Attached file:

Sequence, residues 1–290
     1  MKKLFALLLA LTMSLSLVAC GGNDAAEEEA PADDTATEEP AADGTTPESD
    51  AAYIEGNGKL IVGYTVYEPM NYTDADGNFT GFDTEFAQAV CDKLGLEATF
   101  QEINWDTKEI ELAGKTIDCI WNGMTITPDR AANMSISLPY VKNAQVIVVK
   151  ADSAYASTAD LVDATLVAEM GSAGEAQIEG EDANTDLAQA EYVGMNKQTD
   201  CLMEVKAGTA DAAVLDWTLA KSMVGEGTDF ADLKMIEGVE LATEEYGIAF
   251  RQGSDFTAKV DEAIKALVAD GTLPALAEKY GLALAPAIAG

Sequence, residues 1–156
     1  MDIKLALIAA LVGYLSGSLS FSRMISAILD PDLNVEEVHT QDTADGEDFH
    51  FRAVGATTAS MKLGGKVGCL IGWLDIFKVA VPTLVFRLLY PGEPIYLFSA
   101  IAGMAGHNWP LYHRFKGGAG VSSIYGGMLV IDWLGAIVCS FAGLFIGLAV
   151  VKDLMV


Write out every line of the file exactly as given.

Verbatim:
Sequence, residues 1–290
     1  MKKLFALLLA LTMSLSLVAC GGNDAAEEEA PADDTATEEP AADGTTPESD
    51  AAYIEGNGKL IVGYTVYEPM NYTDADGNFT GFDTEFAQAV CDKLGLEATF
   101  QEINWDTKEI ELAGKTIDCI WNGMTITPDR AANMSISLPY VKNAQVIVVK
   151  ADSAYASTAD LVDATLVAEM GSAGEAQIEG EDANTDLAQA EYVGMNKQTD
   201  CLMEVKAGTA DAAVLDWTLA KSMVGEGTDF ADLKMIEGVE LATEEYGIAF
   251  RQGSDFTAKV DEAIKALVAD GTLPALAEKY GLALAPAIAG

Sequence, residues 1–156
     1  MDIKLALIAA LVGYLSGSLS FSRMISAILD PDLNVEEVHT QDTADGEDFH
    51  FRAVGATTAS MKLGGKVGCL IGWLDIFKVA VPTLVFRLLY PGEPIYLFSA
   101  IAGMAGHNWP LYHRFKGGAG VSSIYGGMLV IDWLGAIVCS FAGLFIGLAV
   151  VKDLMV